Monday, October 7, 2013

Why the Buy-the-Dip Mentality Could Lead to Trouble

Last week, I remarked to a few other traders that the "buy the dip" crowd seems to have been out in force lately, and that if and when support broke down, those buyers should provide heavy resistance to any rallies.  When observing the price charts, it appears every dip has been bought quickly.  This is leading to a halting decline that doesn't seem to want to get rolling.  From this behavior, we can extrapolate that most everyone is anticipating a positive resolution to not only the government shutdown, but also to the approaching debt ceiling deadline (October 17). 

This psychology of positive expectation is consistent with the latter stages of a bull run.  Contrast the current psychology with the last debt ceiling crisis, at the end of 2012.  The markets were fearful and panicky then, and lots of folks were convinced we were about to crash.  Of course, the ultimately-positive resolution then kicked off a massive rally which has continued largely unabated through the present.  That psychology of fear was consistent with the early stages of a bull run.

I've talked about this many times, but in order to grow legs, bull runs need sellers just before the move starts.  Those sellers then become buyers on the way up, and actually fuel the move.  Conversely, bear runs need buyers positioning themselves wrong ahead of time, so those buyers can become sellers on the way down.  The majority simply has to be on the wrong side of the trade for any extended move to occur -- and that's where the psychology comes in.  Expectations have to be the inverse of the ultimate reality, in order for traders to position themselves incorrectly in the first place.

So sentiment has to be bullish for a bear move to start, and it has to be bearish for a bull move to start.  Just as we watched sellers position for the negative outcome back in December, we may now be witnessing buyers getting positioned for a positive outcome that never materializes.

Obviously, I can't tell the future -- but what I can tell is that if things go south, they're going to go south quickly, because the charts are showing us this.  Frequent readers have heard me use the term "nest of first and second waves."  That's Elliott Wave terminology -- in simple terms, (in a decline) a nested series of waves shows us buyers jumping in at each new low, which prevents the move from gaining steam early on.  This has a coiling effect on the market, and the price charts show us how the majority of traders are positioning themselves.  Since they're on the wrong side, when the move finally breaks and kicks off the third wave, it runs hard and fast as those early buyers suddenly exit en masse. 

On Friday, I noted that it's difficult to find a pattern that doesn't require new lows, and mentioned that we may see a big gap down come Monday.  Right now, futures are suggesting a double-digit gap lower for the S&P 500 (SPX) -- and Friday's action has allowed me to narrow down the potentials further, and also to provide some qualifiers to help sort one from the next.  The chart below outlines the details (on #2, "idea" should be "ideal."  A lack of typos would be "idea," but I can't seem to live up to that ideal.)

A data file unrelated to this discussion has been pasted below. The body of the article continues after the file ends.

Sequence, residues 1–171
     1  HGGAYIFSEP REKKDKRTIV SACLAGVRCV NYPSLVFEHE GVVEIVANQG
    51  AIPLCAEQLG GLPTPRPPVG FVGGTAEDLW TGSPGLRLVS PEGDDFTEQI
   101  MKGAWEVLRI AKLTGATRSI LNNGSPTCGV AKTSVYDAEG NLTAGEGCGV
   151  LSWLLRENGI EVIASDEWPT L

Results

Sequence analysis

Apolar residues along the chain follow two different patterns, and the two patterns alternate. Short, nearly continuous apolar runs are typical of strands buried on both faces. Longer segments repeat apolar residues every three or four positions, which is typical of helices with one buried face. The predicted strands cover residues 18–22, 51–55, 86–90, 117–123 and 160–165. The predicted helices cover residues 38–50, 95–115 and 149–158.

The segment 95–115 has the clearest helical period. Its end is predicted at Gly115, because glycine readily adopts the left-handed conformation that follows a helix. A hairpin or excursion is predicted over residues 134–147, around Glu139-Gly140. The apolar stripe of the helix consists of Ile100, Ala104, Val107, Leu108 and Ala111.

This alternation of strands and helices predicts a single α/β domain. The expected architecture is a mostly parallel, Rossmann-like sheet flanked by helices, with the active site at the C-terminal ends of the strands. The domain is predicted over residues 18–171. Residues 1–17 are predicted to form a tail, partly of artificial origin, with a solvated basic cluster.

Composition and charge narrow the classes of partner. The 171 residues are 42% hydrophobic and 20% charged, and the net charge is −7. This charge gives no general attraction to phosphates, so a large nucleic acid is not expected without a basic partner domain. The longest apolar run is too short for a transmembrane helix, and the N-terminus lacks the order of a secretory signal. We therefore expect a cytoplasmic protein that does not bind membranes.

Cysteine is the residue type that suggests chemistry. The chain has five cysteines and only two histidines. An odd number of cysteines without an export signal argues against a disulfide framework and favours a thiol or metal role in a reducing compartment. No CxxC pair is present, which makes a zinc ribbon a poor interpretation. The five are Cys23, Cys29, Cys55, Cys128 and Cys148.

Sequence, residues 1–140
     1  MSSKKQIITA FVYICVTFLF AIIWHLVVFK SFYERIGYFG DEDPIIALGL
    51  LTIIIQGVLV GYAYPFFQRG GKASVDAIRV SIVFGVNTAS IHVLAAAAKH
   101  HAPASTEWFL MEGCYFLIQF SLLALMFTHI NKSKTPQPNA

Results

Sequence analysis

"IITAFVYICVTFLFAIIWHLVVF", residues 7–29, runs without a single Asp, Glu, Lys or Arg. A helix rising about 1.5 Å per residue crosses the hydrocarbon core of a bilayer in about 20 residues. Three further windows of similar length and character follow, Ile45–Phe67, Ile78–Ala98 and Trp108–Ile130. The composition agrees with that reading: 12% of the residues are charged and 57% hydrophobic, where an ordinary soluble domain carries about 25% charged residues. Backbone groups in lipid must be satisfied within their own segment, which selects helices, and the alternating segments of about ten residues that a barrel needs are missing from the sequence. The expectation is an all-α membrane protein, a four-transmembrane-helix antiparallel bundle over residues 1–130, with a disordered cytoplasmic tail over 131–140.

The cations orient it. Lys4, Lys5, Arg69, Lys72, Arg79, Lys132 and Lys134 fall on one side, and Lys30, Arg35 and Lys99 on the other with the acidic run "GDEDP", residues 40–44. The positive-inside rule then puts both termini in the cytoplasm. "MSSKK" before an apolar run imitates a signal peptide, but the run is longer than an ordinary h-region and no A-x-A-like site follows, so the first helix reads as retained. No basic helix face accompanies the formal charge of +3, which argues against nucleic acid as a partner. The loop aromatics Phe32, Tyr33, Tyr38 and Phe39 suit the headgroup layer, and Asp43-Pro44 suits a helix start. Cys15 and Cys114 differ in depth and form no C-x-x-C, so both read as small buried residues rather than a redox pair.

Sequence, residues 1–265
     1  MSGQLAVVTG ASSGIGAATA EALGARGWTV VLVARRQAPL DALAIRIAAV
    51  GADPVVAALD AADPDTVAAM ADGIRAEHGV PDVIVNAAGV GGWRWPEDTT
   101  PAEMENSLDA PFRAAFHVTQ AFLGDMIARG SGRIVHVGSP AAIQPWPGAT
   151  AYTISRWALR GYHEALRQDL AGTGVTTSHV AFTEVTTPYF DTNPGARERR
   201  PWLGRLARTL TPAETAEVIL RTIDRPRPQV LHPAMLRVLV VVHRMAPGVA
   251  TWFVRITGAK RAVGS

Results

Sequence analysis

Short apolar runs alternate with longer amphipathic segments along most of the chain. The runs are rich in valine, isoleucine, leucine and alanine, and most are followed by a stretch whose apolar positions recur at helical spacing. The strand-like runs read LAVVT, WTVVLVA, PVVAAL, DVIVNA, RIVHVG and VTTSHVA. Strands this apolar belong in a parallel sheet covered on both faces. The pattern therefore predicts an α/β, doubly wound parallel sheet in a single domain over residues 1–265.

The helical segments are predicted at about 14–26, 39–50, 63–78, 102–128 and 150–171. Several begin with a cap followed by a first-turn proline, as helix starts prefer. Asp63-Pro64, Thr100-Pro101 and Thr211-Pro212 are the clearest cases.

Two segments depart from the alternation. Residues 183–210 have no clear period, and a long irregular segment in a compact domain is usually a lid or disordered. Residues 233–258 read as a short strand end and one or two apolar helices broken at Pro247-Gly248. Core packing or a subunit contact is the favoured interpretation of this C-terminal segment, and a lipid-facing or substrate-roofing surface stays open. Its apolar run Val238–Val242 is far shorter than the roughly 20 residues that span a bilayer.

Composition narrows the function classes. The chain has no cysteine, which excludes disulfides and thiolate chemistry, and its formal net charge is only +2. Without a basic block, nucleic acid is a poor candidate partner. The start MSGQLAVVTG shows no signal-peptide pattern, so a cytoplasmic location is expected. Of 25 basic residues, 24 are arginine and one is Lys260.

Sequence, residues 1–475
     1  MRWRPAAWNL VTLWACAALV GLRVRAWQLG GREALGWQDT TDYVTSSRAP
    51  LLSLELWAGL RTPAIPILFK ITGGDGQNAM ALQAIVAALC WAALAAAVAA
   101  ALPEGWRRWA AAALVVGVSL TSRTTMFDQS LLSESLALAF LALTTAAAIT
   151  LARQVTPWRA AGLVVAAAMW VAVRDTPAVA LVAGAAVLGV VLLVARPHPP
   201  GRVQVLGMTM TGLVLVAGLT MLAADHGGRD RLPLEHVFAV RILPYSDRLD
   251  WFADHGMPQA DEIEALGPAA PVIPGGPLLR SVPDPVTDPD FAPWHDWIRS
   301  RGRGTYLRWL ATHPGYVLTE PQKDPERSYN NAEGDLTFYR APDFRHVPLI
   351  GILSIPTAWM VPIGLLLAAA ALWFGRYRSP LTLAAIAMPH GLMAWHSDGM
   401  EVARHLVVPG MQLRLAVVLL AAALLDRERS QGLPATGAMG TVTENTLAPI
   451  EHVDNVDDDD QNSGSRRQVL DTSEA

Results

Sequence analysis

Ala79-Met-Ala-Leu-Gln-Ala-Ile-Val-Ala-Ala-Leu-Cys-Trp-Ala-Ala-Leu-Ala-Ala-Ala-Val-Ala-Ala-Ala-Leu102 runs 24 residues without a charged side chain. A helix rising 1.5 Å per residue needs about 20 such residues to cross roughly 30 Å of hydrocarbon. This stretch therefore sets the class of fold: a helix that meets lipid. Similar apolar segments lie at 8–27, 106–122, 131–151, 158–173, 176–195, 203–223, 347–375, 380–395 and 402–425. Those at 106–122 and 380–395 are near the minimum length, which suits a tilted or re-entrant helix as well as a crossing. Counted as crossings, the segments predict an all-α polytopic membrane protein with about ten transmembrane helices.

It's worth noting that the NYSE Composite (NYA) has dipped below the first key pivot, and if Monday's gap down sticks, will have been firmly rejected on the back-test.

The first blue-box target zone on the legacy SPX chart has come within a few points of capture, and presently looks likely to be captured in the upcoming sessions.  If the nest of first and second waves is unfolding, the market will ultimately blow through that target.

In conclusion, I still feel it's unlikely the market will escape new lows.  To the contrary, the pattern continues to appear to be a bearish coiling pattern, and trade below 1665 is likely to lead to an extended sell-off.  Presently, the most bullish pattern I can find (of good probability) is simply an ending diagonal c-wave that grinds a bit higher to start off the week.  Trade safe.

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  1. Are you saying that the market has reached the top and that it's downhill from here? Looking at market behaviour from the past, after fiscal cliff issues were resolved, the markets rallied strongly. Wondering if this will repeat again?

  2. hey mate, just a quick bravo shout, you've been nailing it for as long as I can remember - a natural. Best of luck in your trading and your life.

  3. Carl Swenlin was talking about the same thing this weekend.

  4. In a way, that's exactly the type of "positive expectation" I was writing about. Like I said, I can't tell the future, but this market is ripe for an unexpected negative.

  5. lol -- made me think I was going to have to defend the uniqueness of my work! "talking about the same thing" only applies in the most broad and general sense, though, so I was glad to see that. ;) Always had loved Rydex ratio charts -- his chart definitely adds to my confidence. Thanks for the link.